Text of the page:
In 2005 steam heat repairs and a bogie and brake overhaul were carried out over a two-month period. 43600 was also turned on the turntable to eke out the remaining tyre life on the wheelsets (travelling north on the Railway, carriages suffer greater flange wear on the left hand (west) side due to the curvature of the track).[15]

43600's 1980s restoration had included very basic "temporary" interior. In 2008 the Coach Fund reported that it planned to improve the interior of 43600 by upgrading it with luggage racks, mirrors, coat hooks and revised seating to complete its restoration to a more authentic LNERLondon & North Eastern Railway finish in keeping with the remainder of the set. In spring 2009 they launched a sponsorship scheme to raise funds for this work.[16] Around that time 43600 had a wheelset change due to the life expired flanges, the new tyres costing £19,000. While attending to plumbing leaks in the lavatory, a cracked lavatory pan was found, of which no more of that type were left. A pattern was therefore made by a mould-maker at a cost of £7,500, from which 40-50 pans could be cast and some offered for sale to other railways. The pattern-making costs were met by the Guarantee Company.[17]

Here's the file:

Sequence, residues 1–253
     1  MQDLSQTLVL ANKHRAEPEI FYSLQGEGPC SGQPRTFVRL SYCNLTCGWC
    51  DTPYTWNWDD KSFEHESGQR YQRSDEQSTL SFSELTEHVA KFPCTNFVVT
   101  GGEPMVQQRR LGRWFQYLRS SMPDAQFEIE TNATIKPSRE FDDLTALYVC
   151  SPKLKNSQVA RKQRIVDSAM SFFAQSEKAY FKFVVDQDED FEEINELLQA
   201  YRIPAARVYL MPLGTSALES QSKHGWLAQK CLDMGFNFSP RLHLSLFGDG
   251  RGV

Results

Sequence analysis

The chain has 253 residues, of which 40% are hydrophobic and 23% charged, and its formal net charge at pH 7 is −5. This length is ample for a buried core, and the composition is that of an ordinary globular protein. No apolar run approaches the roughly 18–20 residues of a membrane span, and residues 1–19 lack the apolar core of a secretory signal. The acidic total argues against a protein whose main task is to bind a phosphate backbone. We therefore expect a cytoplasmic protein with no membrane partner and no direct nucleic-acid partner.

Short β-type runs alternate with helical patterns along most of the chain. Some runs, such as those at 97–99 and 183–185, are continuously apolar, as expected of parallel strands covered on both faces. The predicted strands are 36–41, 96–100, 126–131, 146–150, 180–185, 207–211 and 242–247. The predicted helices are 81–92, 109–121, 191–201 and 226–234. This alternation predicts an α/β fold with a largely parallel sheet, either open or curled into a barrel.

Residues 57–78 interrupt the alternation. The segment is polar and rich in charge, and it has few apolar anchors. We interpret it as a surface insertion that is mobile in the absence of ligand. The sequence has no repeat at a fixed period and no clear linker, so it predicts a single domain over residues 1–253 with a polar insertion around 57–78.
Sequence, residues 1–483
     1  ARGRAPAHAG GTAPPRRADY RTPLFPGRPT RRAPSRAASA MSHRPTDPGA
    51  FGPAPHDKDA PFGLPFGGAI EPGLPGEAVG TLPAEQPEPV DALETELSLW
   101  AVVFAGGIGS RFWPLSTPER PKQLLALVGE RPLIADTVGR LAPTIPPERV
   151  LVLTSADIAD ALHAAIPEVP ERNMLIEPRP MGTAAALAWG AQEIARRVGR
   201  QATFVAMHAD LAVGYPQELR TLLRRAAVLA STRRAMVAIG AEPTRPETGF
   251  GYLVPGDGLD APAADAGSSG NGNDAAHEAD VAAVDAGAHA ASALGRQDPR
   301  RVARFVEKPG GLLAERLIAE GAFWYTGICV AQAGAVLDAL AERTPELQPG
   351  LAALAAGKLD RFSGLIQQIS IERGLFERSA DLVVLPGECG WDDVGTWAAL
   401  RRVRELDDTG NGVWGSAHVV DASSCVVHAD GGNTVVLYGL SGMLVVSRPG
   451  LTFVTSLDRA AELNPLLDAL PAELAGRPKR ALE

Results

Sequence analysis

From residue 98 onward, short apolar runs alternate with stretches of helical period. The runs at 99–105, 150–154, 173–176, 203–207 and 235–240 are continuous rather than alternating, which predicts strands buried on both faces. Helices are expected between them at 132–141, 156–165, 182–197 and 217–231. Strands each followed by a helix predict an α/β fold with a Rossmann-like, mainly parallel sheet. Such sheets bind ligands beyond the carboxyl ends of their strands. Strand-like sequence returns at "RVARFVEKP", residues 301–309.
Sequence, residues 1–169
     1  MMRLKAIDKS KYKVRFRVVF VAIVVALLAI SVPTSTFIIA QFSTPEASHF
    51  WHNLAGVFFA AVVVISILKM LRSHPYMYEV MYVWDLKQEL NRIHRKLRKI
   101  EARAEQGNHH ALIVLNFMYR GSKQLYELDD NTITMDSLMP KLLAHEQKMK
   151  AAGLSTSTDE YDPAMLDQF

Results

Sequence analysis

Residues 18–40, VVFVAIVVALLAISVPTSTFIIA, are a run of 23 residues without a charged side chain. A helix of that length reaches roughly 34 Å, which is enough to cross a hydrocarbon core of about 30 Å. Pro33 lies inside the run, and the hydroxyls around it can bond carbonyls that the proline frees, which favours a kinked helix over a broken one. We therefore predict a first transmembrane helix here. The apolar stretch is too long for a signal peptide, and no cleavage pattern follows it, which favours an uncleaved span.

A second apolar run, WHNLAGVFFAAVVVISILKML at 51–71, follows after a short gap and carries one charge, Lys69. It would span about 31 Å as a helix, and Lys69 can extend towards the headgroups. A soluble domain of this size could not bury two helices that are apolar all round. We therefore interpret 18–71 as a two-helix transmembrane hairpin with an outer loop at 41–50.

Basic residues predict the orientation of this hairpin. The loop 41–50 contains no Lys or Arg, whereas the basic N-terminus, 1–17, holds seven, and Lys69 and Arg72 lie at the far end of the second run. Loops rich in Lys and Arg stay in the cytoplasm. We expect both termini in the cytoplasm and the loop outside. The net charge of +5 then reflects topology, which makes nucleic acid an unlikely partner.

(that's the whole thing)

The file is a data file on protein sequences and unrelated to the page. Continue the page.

In 2010 the Coach Fund decided to offer three of its five carriages including 43600 to the Charitable Trust [note 1], with the transfer being completed on 20 December 2010. The Coach Fund remained in being with two functions; to act as the 'LNERLondon & North Eastern Railway trading arm' through the Bewdley shop and other fund-raising, and as owner of GNRGreat Northern Railway 2701 and LNERLondon & North Eastern Railway 24105. For restoration work, the Coach Fund volunteer team would function as the Charitable Trust's LNERLondon & North Eastern Railway Carriage Group.[18]

By 2012 some £3,700 had been raised through the sponsorship appeal, although appeals for funding from the HLFHeritage Lottery Fund (National Lottery Heritage Fund from 2019) and PRISM Fund had proved unsuccessful.[18] 43600 continued in service although leaks from a series of splits in the roof canvas led to its being 'red-carded' while around 180 feet of canvas bandage was glued, tacked and painted over the cracks and the whole roof over-painted. The internal condition had become so bad that in 2013 the carriage was only used at very busy times. [19]

Overhaul and Upgrade